Thursday, September 13, 2007

Guns don't kill people...

...hardware stores do.


Anonymous said...

Oh. I certainly hope he meant to do that. And not, you know, having assembled it for the Science Fair or Medieval Daze or the neighbor's cat, just had to see what the blade looked like from Danton's point of view. Because that would be, well, too goddamn Melvindale for words.

Anonymous said...

comatus, are you a Downriver rat? I grew up in Allen park.

Anonymous said...

td, WAY down...about 50 miles.
South Detroit, Ohio.

Anonymous said...

Wow. I'm suddenly put in mind of the song "The Ballad of James Moon" by Michael Longcor. I'll see if I can dig up the lyrics short of going home, digging out the CD and transcribing them myself.

You'd probably like his stuff.

Cybrludite said...

Isn't Longcor the one who did "Truck Drivin' Vampire"? If so, he's a hoot.

Anonymous said...

That's the guy. He's really nice guy. If you are even vaguely aware of the SCA then his talking/singing bit about Pennsic War IV is the funniest thing ever.

"We were taking lightning strikes within 100 yards of the camp. It was relatively exciting. If you don't think so, you try running through a lightning storm wearing a metal suit."

Anonymous said...

Here you go. He claims the events of this song are 100% true according to every bit of historical record he can dig up. It may not look that great with the line breaks and width restriction of Blogger. Good CD too. Worth if for this track, "Truck Driving Vampire", "Pennsic War IV" and other great songs.

The Ballad of James A. Moon
(c) Michael Longcor
From the CD "Kitchen Junk Drawer."

James Moon was Indiana born and Indiana bred
and he farmed outside Lafayette to earn his daily bread.
He built himself a smithy and he learned the blacksmith's trade
and he dreamed up an invention, the strangest ever made.

The year was 1876, the summer month of June
When an urge for termination laid itself on James A. Moon
He packed up screws and hardware and some tools and rope and wood
then drove his rig to Lafayette to prove his scheme was good.

He checked into the old Lar House, that fancy big hotel
and rented number 41, a room he liked quite well.
James walked to Beech's Hardware, so Isaac Beech has said
and bought himself a sharp new shiny 12 inch broad axe head.

He went to Harding's Foundery and he lugged along the blade.
He told the clerk he wanted special modifications made.
That holes be drilled and boiler plate be bolted to the head.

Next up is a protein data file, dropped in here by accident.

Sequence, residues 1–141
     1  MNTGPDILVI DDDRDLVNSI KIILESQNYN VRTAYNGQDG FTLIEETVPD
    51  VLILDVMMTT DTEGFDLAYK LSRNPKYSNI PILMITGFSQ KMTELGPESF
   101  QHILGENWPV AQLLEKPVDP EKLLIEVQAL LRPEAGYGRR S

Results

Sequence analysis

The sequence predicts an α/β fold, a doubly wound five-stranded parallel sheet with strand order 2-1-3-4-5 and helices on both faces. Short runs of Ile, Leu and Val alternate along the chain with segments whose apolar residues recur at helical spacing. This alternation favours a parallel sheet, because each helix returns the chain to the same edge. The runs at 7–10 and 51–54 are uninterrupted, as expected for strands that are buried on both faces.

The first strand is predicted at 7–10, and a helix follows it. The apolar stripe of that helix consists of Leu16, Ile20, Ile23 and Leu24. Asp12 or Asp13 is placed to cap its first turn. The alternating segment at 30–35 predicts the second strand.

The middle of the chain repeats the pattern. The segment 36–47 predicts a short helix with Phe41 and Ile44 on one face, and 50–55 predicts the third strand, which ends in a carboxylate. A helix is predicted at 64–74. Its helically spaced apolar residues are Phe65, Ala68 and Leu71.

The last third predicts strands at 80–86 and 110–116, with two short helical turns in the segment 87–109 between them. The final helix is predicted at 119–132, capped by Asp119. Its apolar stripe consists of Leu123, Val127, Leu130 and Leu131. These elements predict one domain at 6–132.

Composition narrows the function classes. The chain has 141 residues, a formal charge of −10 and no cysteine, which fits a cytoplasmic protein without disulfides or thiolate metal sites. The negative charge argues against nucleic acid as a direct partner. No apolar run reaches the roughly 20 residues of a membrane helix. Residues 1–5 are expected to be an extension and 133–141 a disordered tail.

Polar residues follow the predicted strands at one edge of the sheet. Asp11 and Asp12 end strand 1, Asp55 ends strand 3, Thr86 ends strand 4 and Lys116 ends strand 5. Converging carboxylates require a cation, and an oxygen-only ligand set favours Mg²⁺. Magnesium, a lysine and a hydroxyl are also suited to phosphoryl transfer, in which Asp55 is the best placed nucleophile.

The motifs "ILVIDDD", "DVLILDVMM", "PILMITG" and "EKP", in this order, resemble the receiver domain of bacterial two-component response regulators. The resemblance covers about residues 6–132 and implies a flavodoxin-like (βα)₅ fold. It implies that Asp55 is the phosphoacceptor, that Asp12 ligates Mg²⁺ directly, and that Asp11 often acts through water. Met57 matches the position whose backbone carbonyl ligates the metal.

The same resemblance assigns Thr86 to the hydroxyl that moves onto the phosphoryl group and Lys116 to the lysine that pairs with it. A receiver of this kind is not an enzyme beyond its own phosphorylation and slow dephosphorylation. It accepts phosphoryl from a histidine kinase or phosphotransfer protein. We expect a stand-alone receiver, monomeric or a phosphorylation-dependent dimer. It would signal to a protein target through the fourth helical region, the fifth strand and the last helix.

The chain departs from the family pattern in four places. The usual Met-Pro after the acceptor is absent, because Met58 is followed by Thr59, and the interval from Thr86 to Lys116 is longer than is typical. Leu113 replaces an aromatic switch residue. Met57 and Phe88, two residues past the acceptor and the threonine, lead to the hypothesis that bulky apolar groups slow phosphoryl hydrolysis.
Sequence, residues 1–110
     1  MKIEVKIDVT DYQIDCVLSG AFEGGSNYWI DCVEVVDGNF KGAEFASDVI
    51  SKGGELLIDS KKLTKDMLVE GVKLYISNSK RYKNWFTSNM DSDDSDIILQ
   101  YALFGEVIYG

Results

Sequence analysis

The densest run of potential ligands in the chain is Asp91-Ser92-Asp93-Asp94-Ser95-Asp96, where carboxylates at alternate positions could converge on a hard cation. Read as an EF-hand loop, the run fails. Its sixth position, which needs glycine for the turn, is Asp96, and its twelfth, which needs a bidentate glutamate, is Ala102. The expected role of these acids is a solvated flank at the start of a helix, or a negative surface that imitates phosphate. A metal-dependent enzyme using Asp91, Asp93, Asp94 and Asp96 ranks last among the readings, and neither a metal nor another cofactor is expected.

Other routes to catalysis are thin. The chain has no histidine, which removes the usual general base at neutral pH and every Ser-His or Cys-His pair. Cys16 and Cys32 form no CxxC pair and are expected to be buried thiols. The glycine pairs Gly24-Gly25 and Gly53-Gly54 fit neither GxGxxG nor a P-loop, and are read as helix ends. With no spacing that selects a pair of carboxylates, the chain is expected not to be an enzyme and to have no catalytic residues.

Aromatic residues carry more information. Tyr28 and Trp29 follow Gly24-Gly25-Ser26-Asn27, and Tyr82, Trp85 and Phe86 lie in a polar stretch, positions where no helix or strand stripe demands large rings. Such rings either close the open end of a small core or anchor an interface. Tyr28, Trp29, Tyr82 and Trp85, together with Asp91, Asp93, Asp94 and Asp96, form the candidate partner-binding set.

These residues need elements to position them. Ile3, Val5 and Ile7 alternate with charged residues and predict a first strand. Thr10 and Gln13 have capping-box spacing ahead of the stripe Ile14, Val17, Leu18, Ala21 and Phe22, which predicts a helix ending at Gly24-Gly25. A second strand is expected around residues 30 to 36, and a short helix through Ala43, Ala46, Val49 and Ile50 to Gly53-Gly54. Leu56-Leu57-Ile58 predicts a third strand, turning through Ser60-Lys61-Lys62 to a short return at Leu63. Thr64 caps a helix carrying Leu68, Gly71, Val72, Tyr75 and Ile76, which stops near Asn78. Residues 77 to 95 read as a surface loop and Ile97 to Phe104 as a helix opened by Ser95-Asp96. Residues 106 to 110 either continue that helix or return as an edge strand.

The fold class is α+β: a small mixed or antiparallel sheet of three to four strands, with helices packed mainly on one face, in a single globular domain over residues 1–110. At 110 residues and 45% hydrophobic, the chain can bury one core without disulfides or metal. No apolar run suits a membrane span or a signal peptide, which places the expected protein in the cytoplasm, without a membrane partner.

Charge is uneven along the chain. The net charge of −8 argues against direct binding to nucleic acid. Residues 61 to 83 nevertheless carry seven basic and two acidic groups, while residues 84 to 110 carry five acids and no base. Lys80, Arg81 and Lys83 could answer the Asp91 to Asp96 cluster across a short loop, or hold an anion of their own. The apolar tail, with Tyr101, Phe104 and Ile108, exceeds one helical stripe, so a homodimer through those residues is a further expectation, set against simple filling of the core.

"I'm inventing a device to make fruit baskets, sir." he said.

He hiked off to the barber shop and had his beard shaved clean.
The better for to carry out his strange and morbid scheme.
He ambled to the drugstore, that summer's day so warm
and purchased cotton batting and a vial of chloroform.

He gathered up his purchases and packed them in his trunk.
Along with cord and tools and wood and all the other junk.
He needed help to move it so he commandeered a pair
of wheezing hotel porters to manhandle it upstairs.

His errands done he tidied up, stepped out and locked his door.
Then he looked up friends he'd served beside throughout the civil war.
He swapped some tales and sang some songs and raised a glass or five
And that evening was the last time he was seen on earth alive.

Next morning Bridgette Cloghan went to clean room 41.
There was no answer to her knock, at noon there still was none.
By 5pm she wondered if she'd better call the law,
so she went in through room 40, and she screamed at what she saw.

A salesman from Ohio and Hank Tinny heard the shriek
they rushed up to the room and what they saw there made them weak
the room door gaping open and poor Bridgette in a swoon
and a spattered, bloody broadaxe blade bisecting James A Moon

Old James had nailed the boards into a six foot floor hinge beam
at the end of which he'd bolted on that weighted axe blade keen
held up with that slim piece of cord till a candle burned it through
He laid his neck at the business end and he bid this world adieu

James A. Moon was sure the thing would work without a hitch
So he'd even gone and written a post-mortem salesman's pitch
On the rough planks of that chopper's arm, he'd scrawled before he went
the words "Patent applied for." And the phrase "For sale or rent."

James Moon he built a gadget like the world had never seen
And he ranks with Jack Kervorkian, and old Dr. Guillotine
You can talk assorted suicides, and their schemes both great and small
But that strange device of James A. Moon, no doubt e'clips them all.

Anonymous said...

Razors pain you,
Rivers are damp,
Acids stain you
And pills cause cramp.

Guns aren't lawful,
Nooses give,
Gas smells awful--
You might as well live.
-Dorothy Parker